Recent data acquired under the Freedom of Information Act 2000 (FOIA 2000) unveils a number of drone sightings over UK nuclear facilities from 2021 to 2023.

The Ministry of Defence Police (MDP) has kept specific location details confidential, citing national security implications.

Upon submitting the request, my primary aim was to gather aggregate data on what kind of incidents have been reported from 2021 to so far in 2023. Recognising the importance of security in such matters, the request centred on broad counts and categories, deliberately bypassing detailed or sensitive specifics.

Unfortunately, I wasn’t able to get all the information I needed. I was told, “Due to a technical issue, we cannot currently search our system before August 2021”.

August 2021 – December 2021

Within this window, ten drone-related episodes were recorded. These varied from alarm activations and straightforward sightings to instances of authorised drone flights.

  1. Drone alarm activation, pilot located and given words of advice.
  2. Notification of drone flight.
  3. Report of drone, area search carried out, no trace of drone or pilot.
  4. Report of drone over, area search, no trace, alarm not activated.
  5. Drone alarm activation, area searched no trace. Crime report submitted.
  6. Drone alarm activation, system error.
  7. Officer reports seeing a drone, pilot located and spoken to, it was an accident, no footage of site obtained.
  8. Drone alarm activation, search carried out, nothing found.
  9. Drone reported, area searched, pilot located, authorised flight local Police.
  10. Notification of authorised drone flight.

Entirety of 2022

The year saw nine incidents. This included a mix of potential drone sightings, sanctioned events, and even drones detected at significant altitudes by pilots – one as high as 20,000 feet.

  1. Report of possible drone sighting. Search carried out, nothing found.
  2. Report of drone, search carried out, Officers found out it was a pre- planned event.
  3. Report of drone flying, area search carried out, nothing found.
  4. Drone reported to be flying, Officers carried out area search, no trace.
  5. Report of drone flying. Area search carried out, no trace.
  6. Small drone system activated, showing small drone. Officers attended, no trace.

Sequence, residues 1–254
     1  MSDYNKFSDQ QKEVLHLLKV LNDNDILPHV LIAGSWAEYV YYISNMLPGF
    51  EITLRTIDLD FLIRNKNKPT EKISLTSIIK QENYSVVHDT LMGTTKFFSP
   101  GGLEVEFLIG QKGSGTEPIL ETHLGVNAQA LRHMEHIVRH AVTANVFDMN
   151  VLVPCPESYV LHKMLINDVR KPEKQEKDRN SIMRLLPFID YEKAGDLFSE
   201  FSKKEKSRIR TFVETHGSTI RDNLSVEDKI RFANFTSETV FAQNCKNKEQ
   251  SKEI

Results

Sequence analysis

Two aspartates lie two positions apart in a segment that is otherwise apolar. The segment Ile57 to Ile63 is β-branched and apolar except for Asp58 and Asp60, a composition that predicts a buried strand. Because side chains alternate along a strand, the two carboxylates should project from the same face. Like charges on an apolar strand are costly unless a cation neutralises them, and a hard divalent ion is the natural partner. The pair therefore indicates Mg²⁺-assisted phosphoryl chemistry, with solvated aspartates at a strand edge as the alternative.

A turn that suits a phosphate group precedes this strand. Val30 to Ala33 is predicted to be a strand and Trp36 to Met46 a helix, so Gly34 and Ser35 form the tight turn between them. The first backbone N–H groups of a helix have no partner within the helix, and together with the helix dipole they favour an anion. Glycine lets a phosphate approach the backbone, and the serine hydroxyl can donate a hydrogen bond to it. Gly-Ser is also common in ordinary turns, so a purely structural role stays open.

7. Report of drone flying, Officers conducted area search, operator located. Spoken to by Officers, who viewed footage from drone, operator voluntarily deleted all footage.
  8. Report from pilot of drone at 20,000 feet. Nothing seen from the ground, area search carried out for operator, no trace.
  9. Report of drone flying, area search carried out by officer, no trace.

January – August 2023

During this period, there were six documented drone events. Most were routine sightings followed by unsuccessful area searches. One, however, was a pre-arranged authorised drone flight.

  1. Drone seen flying. Area search carried out; Pilot not found.
  2. Drone seen flying, area search carried out, no trace.
  3. Drone reported, area search carried out, no trace.
  4. Drone reported, area search carried out, no trace.
  5. Pre planned authorised drone flight.
  6. Drone alarm activated, although alarm activated, drone didn’t enter protected area.

What are UK nuclear sites in this context?

In the context of the UK, nuclear sites generally refer to a range of facilities associated with the nuclear energy industry and defence establishments. These can include:

  • Nuclear Power Stations: These are plants where nuclear energy is converted into electricity. Examples include Hinkley Point, Sizewell, and Dungeness.
  • Nuclear Research Facilities: These are centres where nuclear research takes place, such as the Culham Centre for Fusion Energy or the Dalton Nuclear Institute.
  • Nuclear Reprocessing Plants: Sellafield in Cumbria is a prime example, where nuclear fuel is reprocessed.
  • Nuclear Submarine Bases: The UK operates a fleet of nuclear-powered submarines, and these vessels are based at certain naval docks, notably HM Naval Base Clyde (sometimes referred to as Faslane).
  • Defence Establishments: Some sites are associated with the development or storage of nuclear weapons, such as the Atomic Weapons Establishment (AWE) sites at Aldermaston and Burghfield.
  • Nuclear Waste Storage and Disposal Sites: Locations where nuclear waste is stored, treated, or disposed of.